With our fancy big brains, we're putting ourselves in the driver's seat. Not literally, of course. There's nothing to drive. The wheel is a ways off yet. But culture is now a booming business. Technology has been unleashed, set off on a steep trajectory.
Our tools are becoming more sophisticated, finely tuned for the specifics of hunting, fishing, and preparing foods. By 50,000 years ago, we can say hello to the sewing needle, the fish hook, the harpoon, darts and spear adaptations, bows and arrows...and language. And those snails? They may have been among the earliest "domesticated" animals. Snail ranching, as it were, requires little more than observing animal behaviour and then creating an environment that allows them to be fruitful and multiply.
We're closing in on about 12,000 years ago. We're part of the natural world, keenly adapted and adapting to it. But we're also starting to shape the world to our specifications.
We're manipulating the plants and animals that are there, selecting the best among them, and altering them to our advantage. Farming, the Neolithic Revolution, is just around the corner. And what about bread? Baking bread is not exactly a complicated process (it's just a few ingredients), but it's a terribly complicated idea. There is simply nothing intuitive about turning the small hard grains from a stalk of grass into bread. Bread is a cultural product. It requires keen human insight and ingenuity applied to ingredients. Bread is the beginning of cuisine.
Today, it's hard to imagine Italian food without ripe red tomatoes. Indian or Thai food without spicy chile peppers. Or even conceive of Kansas without conjuring up golden fields of waving wheat. But when you take the long view, you see that these ingredients are all very recent additions to these culinary landscapes.
We had to wait until the early 16th century for the Spanish to conquer the New World and return to the Old with potatoes, tomatoes, chocolate, and chile peppers. We would have to wait even longer for these ingredients to be accepted and adopted into world cuisines. Take Chef John's Flank Steak Roulade recipe, for example. It includes a world's worth of ingredients. Dried fruit and nuts (favored foods of our ancient primate cousins), bread crumbs (derived from the grain of an edible grass domesticated 10,000 years ago in the Fertile Crescent), tomatoes (domesticated in Mesoamerica by at least 500 BCE), wine (first fermented thousands of years ago, possibly in present-day Turkey), Parmesan-Reggiano cheese (courtesy of a preserving technique that also dates to thousands of years ago), and olive oil (from the fruit of the olive tree, likely first cultivated thousands of years ago in Asia Minor). To complete the world tour, we can serve our flank steak beside mashed potatoes (a staple crop first domesticated about 8,000 years ago in the area around modern-day Peru and Bolivia). Yes, it's a wee world in the end. Shrunk right down to the size of a dinner plate. And for all this variety, for our wonderful wide-open palates, we have our ancient ancestors to thank. Adventurous eaters all (and then some), adapted to eat a diverse diet. Set a salad before a cat, and it turns away. Give a pork chop to a hungry herbivore, and it stays hungry. But a human? We'll eat it all. So then, what are we adapted to eat? Fruit and tree nuts? Roots and tubers? Meat and grubs? Shellfish and dairy? Greens and grains? The answer is yes.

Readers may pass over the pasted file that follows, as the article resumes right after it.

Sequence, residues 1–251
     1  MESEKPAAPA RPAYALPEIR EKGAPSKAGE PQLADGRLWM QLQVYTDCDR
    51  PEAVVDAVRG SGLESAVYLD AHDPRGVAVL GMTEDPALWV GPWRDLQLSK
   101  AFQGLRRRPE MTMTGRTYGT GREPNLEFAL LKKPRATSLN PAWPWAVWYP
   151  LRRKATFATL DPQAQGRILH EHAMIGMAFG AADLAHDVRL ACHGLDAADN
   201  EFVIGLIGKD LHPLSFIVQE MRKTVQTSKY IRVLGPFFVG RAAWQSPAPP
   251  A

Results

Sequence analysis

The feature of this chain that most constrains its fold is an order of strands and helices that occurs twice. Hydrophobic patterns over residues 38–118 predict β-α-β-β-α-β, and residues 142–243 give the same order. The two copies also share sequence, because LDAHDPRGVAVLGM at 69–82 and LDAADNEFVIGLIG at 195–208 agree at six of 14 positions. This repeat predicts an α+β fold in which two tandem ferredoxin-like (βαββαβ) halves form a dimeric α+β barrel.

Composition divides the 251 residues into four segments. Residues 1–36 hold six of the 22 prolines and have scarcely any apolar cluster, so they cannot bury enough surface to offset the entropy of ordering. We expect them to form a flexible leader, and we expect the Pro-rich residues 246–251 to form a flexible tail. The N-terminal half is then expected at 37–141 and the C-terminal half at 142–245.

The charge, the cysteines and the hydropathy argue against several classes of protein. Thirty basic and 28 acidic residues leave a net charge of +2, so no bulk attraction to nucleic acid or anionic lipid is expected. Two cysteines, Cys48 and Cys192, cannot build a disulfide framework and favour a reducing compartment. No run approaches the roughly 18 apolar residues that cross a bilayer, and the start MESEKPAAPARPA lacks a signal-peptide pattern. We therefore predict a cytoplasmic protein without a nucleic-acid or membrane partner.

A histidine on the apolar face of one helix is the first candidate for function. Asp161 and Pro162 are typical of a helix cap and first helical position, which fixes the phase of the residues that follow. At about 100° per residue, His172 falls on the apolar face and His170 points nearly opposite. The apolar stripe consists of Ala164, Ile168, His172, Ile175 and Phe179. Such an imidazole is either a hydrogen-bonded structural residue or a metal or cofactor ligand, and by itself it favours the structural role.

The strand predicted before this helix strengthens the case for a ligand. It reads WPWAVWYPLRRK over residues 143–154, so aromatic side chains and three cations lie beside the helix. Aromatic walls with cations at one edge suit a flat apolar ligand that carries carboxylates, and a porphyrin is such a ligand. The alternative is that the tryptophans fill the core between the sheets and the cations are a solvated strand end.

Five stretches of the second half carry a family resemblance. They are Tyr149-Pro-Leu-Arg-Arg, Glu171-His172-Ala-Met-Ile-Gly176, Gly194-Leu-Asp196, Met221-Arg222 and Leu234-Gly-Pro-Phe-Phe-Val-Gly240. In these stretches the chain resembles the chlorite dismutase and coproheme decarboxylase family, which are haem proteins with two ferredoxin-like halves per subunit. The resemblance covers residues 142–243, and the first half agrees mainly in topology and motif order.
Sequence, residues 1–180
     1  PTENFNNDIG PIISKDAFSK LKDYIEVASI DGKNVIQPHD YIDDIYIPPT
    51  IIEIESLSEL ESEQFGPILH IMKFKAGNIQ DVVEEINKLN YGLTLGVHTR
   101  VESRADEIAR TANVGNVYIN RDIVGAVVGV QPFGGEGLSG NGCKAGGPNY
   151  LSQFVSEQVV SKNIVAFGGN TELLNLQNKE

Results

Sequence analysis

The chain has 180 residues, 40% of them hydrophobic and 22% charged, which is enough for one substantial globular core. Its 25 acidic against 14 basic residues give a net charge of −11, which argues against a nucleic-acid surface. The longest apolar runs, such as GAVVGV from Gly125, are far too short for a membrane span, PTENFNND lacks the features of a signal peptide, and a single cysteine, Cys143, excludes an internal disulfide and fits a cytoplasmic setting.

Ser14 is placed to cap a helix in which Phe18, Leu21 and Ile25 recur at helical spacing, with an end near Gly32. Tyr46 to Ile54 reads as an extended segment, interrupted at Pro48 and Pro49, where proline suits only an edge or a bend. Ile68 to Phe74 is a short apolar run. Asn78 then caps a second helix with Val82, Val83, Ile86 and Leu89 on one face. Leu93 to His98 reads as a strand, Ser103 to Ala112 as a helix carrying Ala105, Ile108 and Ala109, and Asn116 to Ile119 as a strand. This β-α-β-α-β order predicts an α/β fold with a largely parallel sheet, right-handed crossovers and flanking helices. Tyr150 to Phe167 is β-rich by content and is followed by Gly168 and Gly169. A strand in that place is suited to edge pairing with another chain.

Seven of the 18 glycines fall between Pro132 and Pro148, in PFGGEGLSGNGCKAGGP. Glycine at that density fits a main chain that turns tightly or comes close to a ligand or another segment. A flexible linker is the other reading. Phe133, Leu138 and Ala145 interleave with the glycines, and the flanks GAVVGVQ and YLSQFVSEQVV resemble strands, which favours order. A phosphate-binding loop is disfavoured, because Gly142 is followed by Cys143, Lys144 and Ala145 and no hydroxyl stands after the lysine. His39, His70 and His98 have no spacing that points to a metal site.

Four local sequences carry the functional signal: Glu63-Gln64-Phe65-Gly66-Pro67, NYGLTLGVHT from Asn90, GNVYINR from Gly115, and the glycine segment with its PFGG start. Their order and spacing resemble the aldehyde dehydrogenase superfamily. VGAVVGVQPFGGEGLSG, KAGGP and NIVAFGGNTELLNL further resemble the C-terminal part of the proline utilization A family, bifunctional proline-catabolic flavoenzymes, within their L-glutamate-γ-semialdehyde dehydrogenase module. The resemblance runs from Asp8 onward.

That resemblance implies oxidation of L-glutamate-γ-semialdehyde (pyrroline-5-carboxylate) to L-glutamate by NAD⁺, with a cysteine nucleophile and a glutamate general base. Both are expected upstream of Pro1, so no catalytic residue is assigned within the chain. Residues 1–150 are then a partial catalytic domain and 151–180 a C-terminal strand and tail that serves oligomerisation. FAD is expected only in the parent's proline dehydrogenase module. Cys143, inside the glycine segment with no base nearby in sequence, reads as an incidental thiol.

That's not the entire story. Turns out, we're not in this thing alone. Each of us is carrying with us a microbiome comprised of trillions of microbes. They're on the skin and in the mouth, but primarily in the gut, particularly the large intestine. We've co-evolved with these critters. And they play vital roles in human health, including areas of immune function, vitamin production (particularly B vitamins), hormone production (serotonin), digestion, and more.
The microbiome is a fascinating new area of research, promising new insight into what it means to be human. Stay tuned, it's a developing story....
Read about birds that have evolved to lead humans to honey: The honeyguides.
For more on how diet affected the development of the human body, read The Story of the Human Body: Evolution, Health, and Disease by Professor Daniel Lieberman.
Was the Agricultural Revolution a total win for humanity? Read Jared Diamond's article for a fascinating perspective.
For insights on what to feed your microbiota, see Congratulations, You're A Superogranism. Now Eat Like It.